A Chick Does Tropical Garden

Friday, October 29, 2010

Beautiful Bougainvillea

I have ALWAYS loved Bougainvillea, and assumed that once I moved to Houston I would be able to grow it easily.  WRONG!  Not wrong because it's not possible, but wrong because I just didn't know how to do it.

I've discovered that Bougainvillea, at least under my watch is very picky.  I would buy some, only to be disappointed when it wouldn't bloom and only put out green leaves.  I would try to fertilize, water, etc., but still -- no flowers.  I even asked a nursery guy how to get my bougainvillea to bloom and he said he heard that you take off all of the leaves.

Huh????  Now THAT would be pretty.

After the absolutely irresistible "have-to-buy-it"  bougainvillea that I bought at the nursery with my friend Rebecca stopped blooming, I wondered if I had made a major gardening error.  [It is good that Becca was with me though -- if I had gone plant shopping without her and she found out about it, she would have said I was cheating on her.]  But, I was bound and determine to get this thing blooming again.

Well, after quite a bit of research, I read that bougainvillea need to be pruned, pinched, and not overwatered.  I got a lot of my information from BGI (Bougainvillea Growers International). In fact, they like to almost "wilt" a bit. When I got this through my head and started following the instructions, my bougainvillea started to bloom:  

After the "have-to-have-it" had finished blooming (when I bought it was gorgeous), and refused to do so again, I trimmed the branches back to about half.  Then, once it started putting on new growth, I started "pinching" the middle leaves off that came out of the end of each new growth.  Hard to explain, but here are some photos of me "pinching".   

New growth that needs to be 'pinched off"

Me pinching it off
Then, after THAT, I fertilized with a specially made bougainvillea fertilizer that I bought at Home Depot.  ALL of these things have created amazing results!  However, I think that the pruning and pinching is really what helped.  Now, I have so many blooms coming out of the areas where I pinched off the middle leaves. Here are some photos:

I'm so excited!  I did it!  I did it!  You can, too!


T.K. Goforth is a musician and author of the well-received book "Chord Piano is Fun!" She also writes a music blog called "Chord Piano Chick's Mostly Musical Musings.
Chord Piano Is Fun


WG said...

This is great advice! I've always had trouble getting bougainvillea to grow.
wonderful pics!

Rebecca said...

I might even have to try it over here at my place. Great pictures! Oh and thanks for the shout out, you better not go off and cheat on me...buying plants behind my back, particularly such beautiful ones. Great Blog!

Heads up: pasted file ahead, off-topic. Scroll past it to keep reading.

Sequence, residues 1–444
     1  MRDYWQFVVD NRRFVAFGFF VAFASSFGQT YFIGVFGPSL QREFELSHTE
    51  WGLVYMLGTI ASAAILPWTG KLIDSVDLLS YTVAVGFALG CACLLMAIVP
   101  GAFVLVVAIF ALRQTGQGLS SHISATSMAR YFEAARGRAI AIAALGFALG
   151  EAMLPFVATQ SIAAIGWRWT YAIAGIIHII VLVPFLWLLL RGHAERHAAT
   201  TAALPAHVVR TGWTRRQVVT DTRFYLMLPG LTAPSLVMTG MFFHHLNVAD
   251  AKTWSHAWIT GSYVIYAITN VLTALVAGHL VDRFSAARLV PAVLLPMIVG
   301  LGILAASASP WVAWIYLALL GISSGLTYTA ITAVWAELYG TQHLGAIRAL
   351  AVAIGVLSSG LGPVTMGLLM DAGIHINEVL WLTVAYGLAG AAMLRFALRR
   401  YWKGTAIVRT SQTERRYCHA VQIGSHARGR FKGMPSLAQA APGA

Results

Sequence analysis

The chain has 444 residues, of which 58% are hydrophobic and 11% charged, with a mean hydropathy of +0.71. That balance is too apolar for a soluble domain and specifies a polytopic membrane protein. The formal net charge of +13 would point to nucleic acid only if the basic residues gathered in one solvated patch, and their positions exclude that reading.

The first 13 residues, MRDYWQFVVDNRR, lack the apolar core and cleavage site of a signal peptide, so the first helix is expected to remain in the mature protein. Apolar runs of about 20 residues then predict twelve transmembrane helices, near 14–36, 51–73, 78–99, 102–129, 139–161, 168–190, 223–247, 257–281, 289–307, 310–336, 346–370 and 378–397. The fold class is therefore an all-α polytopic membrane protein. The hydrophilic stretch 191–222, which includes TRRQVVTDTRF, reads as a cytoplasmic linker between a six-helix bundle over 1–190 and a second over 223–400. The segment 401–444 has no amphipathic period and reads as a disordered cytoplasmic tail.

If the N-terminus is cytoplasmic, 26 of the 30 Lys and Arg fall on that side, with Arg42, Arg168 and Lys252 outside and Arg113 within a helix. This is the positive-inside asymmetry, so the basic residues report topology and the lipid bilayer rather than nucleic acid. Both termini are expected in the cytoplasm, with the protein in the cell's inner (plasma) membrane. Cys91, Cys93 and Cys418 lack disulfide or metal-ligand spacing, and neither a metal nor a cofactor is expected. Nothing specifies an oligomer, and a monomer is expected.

Coach Sheryl said...

Okay, we planted a bouganvilla a couple months ago. It looked pretty raggy for awhile but now has greened up and is looking healthy although it hasn't really changed in size. However, its in an area where the soil stays rather moist in the winter due to the rain. We had our first rain last night. We really don't have a place to move it. Any suggestions on how we can keep the soil dryer? I have a feeling its going to have wet roots for months.

T-Go said...

Hey, Sheryl, since "bougies" don't like wet feet, I would suggest raising the bed higher than the rest of the other ground so that it can drain thoroughly throughout the rains. The plant will go dormant in the winter, but I'm sure it won't do well sitting in water during that time. So, I would just pull it up, create a mound with a well-draining soil and replant it into the mound.

Coach Sheryl said...

What would you think of a large pot for the bouganvilla to avoid the wet soil?

T-Go said...

Yes, that would be great! Keep it under the eaves so that it doesn't get too wet, and then water it occasionally -- every couple of days if it is hot, or every several days if not. That's what I do with mine. I always wait until it's a bit "wilty" before I re-water, but then water really good.

T-Go said...

And, actually, Sheryl, they like to be crowded, so I wouldn't put it in a huge pot. Most tropicals like to be crowded -- they bloom better that way.

T.K. Goforth is a musician and author of the well-received book "Chord Piano is Fun!" She also writes a music blog called "Chord Piano Chick's Mostly Musical Musings.
Chord Piano Is Fun